Zsa Zsa gets the most attention in these pages. Author Sam Staggs is a Hollywood biographer and family friend of the Gabors. While this gives him unique access, especially to Zsa Zsa’s daughter, Francesca Hilton...it sometimes leaves him open to questions of objectivity. His prose can also veer to 50 cent words ('mephitic,' 'testudo,' 'otiose') and cringe worthy similes.
Staggs is an invaluable film chronicler whose work has always toggled between the engrossing and the overwrought. In this case, his long friendship with Zsa Zsa’s late daughter Francesca seems to have exacerbated the divide, and his fractured time sequences, breathless prose and pugilistic opinions suggest he is either competing with or being absorbed by the Gabors themselves. (Although it’s hard to imagine that even Zsa Zsa would have likened her 1945 confinement at West Hills Sanitarium to 'the sufferings of concentration camp victims,' as the author does).
Celebrity biographer Staggs...dishes up an entertaining biography of the glamorous Gabor sisters ... Staggs is unapologetically fond of these three women, who were groomed by their controlling mother, Jolie, to pursue fame above all else ... While readers may sometimes lose the narrative thread of Staggs’s painstakingly detailed account, his take on the Gabors—oft-derided in their day as exemplars of style over substance—as hardworking show business survivors is clear and refreshingly admiring. Pop culture buffs will just adore this penthouse view of the Gabors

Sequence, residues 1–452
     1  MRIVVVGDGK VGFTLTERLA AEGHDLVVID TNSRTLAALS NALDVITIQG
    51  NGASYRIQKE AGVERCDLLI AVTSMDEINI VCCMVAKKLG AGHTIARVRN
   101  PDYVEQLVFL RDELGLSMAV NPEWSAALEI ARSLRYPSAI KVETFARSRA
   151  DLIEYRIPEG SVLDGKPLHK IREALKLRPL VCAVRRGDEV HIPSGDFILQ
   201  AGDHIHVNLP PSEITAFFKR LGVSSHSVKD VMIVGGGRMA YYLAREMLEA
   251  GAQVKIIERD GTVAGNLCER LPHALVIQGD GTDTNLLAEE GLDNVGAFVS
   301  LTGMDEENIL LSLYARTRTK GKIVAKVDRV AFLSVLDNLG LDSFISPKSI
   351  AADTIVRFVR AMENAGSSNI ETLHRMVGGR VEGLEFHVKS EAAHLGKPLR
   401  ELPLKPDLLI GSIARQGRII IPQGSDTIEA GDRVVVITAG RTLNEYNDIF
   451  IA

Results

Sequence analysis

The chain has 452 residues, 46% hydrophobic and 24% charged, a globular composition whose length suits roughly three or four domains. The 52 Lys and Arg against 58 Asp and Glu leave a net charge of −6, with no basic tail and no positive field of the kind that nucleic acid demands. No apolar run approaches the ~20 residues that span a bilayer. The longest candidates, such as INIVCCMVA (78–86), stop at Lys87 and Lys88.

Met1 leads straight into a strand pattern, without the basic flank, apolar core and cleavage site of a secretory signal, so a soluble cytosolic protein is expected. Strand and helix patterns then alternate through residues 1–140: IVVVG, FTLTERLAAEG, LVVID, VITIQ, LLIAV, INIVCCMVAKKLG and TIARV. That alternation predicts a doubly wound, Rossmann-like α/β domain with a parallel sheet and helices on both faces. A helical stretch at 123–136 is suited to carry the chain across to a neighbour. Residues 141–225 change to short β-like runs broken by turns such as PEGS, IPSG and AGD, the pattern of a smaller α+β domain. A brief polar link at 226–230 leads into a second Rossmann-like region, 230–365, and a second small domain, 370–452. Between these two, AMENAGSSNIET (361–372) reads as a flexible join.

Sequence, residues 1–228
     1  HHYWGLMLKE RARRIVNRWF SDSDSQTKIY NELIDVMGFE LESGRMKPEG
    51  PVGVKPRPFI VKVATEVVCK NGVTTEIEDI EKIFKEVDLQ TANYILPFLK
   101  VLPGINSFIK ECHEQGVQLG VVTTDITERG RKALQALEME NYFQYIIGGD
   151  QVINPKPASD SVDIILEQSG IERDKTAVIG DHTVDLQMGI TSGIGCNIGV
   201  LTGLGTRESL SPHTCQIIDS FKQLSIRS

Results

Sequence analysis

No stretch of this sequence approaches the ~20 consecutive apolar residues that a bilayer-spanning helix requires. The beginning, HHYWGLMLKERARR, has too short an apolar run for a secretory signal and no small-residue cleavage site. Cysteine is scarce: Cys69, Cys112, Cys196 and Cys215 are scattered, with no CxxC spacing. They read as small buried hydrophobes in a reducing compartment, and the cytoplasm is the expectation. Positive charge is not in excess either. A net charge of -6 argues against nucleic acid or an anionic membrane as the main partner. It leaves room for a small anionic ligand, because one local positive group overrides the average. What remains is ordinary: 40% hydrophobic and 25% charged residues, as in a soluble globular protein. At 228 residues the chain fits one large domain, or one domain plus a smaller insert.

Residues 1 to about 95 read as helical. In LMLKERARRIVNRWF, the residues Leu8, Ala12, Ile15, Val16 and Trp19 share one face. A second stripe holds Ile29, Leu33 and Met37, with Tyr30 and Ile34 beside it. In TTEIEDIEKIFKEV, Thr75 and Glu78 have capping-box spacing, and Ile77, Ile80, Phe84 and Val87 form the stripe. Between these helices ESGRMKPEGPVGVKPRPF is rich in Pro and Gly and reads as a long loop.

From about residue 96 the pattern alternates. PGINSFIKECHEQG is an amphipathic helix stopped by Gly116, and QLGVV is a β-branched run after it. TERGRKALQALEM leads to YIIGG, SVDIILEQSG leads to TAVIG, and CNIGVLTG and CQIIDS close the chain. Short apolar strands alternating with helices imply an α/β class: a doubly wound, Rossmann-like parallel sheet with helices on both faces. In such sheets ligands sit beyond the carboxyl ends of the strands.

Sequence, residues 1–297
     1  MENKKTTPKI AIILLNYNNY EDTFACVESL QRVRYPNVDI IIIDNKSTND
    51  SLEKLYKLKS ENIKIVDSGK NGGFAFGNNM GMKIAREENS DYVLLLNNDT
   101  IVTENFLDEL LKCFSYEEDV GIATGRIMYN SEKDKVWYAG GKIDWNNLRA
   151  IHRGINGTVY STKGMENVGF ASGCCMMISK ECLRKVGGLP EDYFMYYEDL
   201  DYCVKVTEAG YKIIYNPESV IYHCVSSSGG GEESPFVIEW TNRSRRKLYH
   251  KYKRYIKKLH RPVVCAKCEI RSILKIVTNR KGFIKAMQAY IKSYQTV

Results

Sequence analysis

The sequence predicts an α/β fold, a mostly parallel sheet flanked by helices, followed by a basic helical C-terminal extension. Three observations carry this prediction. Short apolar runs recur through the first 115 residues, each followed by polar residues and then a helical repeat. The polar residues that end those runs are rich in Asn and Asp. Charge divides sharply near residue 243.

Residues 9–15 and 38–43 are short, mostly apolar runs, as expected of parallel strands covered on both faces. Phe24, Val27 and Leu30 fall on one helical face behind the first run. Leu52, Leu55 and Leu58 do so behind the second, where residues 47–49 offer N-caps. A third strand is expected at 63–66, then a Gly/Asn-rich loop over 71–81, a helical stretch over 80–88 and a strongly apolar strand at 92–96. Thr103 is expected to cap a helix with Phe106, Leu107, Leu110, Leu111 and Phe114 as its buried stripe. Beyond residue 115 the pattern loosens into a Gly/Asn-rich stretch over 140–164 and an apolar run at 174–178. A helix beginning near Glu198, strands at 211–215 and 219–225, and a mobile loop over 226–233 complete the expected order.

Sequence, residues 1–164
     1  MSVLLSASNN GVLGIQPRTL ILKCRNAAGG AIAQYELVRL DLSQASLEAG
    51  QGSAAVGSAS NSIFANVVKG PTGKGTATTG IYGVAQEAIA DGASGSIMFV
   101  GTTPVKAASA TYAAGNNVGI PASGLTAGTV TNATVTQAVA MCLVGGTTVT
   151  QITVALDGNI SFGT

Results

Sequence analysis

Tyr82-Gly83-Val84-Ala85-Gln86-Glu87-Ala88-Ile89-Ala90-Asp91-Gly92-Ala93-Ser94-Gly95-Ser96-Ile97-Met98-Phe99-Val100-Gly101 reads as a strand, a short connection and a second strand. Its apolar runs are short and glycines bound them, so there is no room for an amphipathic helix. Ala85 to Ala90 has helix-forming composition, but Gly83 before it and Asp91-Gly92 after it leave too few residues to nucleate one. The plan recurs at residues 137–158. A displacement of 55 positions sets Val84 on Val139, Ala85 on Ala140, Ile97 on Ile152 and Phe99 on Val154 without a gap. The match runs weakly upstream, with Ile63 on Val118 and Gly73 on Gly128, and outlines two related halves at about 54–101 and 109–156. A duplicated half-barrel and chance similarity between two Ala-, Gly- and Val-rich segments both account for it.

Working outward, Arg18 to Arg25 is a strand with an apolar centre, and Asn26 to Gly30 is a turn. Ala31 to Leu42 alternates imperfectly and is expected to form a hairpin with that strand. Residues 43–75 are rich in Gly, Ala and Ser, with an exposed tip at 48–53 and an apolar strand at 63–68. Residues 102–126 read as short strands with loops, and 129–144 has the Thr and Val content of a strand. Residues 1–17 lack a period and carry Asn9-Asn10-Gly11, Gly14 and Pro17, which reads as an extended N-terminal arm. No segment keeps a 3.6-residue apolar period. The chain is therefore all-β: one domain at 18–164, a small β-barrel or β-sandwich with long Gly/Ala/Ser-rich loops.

In this latest biography of the Gabors, film historian Staggs...attempts to “set the record straight ... Ultimately, the book is an old-fashioned Hollywood biography, however respectfully eschewing the malicious Kitty Kelly style of dishing. Staggs diligently references sources and allows their personalities and escapades to come vividly to life ... Beneath all the glitz, these were business-savvy women, and the author misses the opportunity to claim their relevance for contemporary readers, leaving them enmeshed within their long-reigning 'camp' status. Theirs is an interesting, occasionally wayward American success story begging for a revisionist approach to the telling. An entertaining yet predictable portrait of a flamboyantly iconic family.